Both councils and customers are being stitched up by bailiffs
IN A recent ITV exposé on bailiffs, it revealed that there was no mention of current legislation.
Laws governing bailiffs are in place, but are never implemented.
Rossendale's chairman stated in the show: "There are only currently guidelines for bailiffs to operate within and while we have been calling for regulation and legislation for some years, we need action now."
You would hope the head of a firm that enforces collection of council tax debt for around 150 local authorities would know there are, in fact, regulations and legislation in place to protect the public from bailiff malpractice.
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The Council Tax (Administration and Enforcement) Regulations, which are relied upon by councils for instructing bailiffs, has regulations that govern how bailiffs should operate.
The Rent Rules 1988 contains similar legislation and provides a means of redress to submit a complaint to the county court, which issued the bailiff's certificate.
Sections 2 to 4 of the Fraud Act 2006 provides more than adequate legislation needed to protect the public from any malpractice with bailiffs.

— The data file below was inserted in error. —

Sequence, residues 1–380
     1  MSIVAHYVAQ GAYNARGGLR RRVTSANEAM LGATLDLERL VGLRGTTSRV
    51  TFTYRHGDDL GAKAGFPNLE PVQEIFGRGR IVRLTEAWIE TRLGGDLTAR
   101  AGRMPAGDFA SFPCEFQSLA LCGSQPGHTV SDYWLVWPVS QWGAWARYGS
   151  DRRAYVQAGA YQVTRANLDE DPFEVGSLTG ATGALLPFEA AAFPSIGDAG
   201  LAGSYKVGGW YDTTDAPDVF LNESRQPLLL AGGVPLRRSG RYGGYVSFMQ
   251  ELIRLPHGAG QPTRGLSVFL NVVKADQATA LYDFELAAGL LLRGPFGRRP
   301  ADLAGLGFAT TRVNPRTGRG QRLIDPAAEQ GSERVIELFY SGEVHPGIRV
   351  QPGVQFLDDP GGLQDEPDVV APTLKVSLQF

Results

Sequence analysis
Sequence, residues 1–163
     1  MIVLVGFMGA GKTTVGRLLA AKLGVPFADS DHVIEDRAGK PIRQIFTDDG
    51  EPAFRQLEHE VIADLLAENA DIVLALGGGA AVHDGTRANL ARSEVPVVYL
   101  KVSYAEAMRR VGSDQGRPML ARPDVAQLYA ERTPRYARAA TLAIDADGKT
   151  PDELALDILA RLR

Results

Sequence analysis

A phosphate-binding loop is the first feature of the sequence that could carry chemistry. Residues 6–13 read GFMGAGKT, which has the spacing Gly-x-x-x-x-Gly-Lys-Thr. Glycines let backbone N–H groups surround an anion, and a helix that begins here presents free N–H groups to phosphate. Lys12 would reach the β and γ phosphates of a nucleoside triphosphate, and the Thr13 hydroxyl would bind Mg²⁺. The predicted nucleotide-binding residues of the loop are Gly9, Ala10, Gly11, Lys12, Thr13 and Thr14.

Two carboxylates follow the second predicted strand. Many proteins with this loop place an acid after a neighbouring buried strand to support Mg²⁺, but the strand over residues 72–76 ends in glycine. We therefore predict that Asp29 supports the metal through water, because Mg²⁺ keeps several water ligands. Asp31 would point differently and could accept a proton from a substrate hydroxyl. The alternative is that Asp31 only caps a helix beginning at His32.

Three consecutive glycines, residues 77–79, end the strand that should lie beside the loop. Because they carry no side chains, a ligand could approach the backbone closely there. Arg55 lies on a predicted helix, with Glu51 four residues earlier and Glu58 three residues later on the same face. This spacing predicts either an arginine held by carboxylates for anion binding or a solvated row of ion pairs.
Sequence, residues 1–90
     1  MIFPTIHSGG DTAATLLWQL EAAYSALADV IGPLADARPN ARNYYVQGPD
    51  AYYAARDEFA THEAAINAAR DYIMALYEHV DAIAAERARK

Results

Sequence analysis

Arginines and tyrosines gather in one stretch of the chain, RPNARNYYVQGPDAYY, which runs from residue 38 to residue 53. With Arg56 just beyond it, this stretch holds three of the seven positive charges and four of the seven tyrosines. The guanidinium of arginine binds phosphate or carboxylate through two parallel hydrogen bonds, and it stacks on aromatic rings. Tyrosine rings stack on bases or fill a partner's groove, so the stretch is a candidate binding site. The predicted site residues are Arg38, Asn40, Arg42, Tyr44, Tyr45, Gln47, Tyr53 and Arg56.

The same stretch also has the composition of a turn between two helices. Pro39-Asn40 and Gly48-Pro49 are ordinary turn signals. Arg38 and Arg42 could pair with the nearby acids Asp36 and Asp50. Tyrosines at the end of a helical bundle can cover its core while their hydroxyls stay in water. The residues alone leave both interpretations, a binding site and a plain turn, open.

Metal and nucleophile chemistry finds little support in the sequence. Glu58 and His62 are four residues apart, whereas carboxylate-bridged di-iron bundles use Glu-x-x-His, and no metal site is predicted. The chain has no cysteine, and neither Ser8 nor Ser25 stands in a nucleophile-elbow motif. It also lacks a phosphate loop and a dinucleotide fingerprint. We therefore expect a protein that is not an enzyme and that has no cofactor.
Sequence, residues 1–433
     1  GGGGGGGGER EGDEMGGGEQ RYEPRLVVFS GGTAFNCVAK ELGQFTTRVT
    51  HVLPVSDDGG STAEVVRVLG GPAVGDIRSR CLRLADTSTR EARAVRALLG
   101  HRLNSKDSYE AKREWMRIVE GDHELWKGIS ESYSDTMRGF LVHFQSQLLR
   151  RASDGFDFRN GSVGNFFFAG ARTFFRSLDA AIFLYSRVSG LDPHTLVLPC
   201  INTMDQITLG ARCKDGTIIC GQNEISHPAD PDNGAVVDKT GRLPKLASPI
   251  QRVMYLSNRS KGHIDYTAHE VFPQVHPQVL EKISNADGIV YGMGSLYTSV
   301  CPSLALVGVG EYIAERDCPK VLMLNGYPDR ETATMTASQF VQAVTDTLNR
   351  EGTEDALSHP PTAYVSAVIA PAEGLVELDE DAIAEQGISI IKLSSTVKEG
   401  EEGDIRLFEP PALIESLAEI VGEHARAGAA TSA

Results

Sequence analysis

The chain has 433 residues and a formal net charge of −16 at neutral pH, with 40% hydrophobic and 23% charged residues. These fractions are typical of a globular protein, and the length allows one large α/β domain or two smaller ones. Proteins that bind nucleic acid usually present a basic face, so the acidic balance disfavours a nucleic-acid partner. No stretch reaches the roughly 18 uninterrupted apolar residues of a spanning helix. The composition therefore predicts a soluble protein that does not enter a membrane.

Similarly, the Data Protection Act 1998 is in place to protect the public against breaches of confidentiality.
So, the problem is not so much a lack of regulations and legislation, rather the authorities would prefer to turn a blind eye and pretend it doesn't exist. An enforcement firm will inevitably attract the more enthusiastic applicant when payment is proportionate to the number of contacts made with their "customers", as Rossendales refer to them.
It can therefore be expected that bailiffs will want to exceed targets by visiting, or at least on paper, the highest number of "customers" in the shortest possible time to maximise their fees.
Offering bailiffs incentives for unlimited earnings is clearly a means of exploiting greed.
They are, of course, playing the system and the rhyming up of fees, to the bailiff firm, has more importance than securing debt owed to councils.
Local authorities must have cottoned on to this and I wonder if they are impressed that not only are "customers" getting stitched up by these private enforcement firms, but also councils themselves.
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